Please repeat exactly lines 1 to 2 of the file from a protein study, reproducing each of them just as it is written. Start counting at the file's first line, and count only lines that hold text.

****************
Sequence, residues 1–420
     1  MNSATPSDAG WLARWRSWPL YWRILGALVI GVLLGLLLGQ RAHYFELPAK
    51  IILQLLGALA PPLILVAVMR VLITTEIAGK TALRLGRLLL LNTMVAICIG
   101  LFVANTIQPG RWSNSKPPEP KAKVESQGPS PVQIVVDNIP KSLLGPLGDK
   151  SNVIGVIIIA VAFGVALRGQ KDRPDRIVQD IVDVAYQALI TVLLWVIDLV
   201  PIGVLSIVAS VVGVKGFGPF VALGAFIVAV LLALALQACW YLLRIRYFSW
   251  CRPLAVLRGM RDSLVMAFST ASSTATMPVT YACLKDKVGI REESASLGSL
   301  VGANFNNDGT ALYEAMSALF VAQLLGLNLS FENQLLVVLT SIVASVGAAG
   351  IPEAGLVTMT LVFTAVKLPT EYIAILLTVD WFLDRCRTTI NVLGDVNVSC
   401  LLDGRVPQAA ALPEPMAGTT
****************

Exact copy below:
Sequence, residues 1–420
     1  MNSATPSDAG WLARWRSWPL YWRILGALVI GVLLGLLLGQ RAHYFELPAK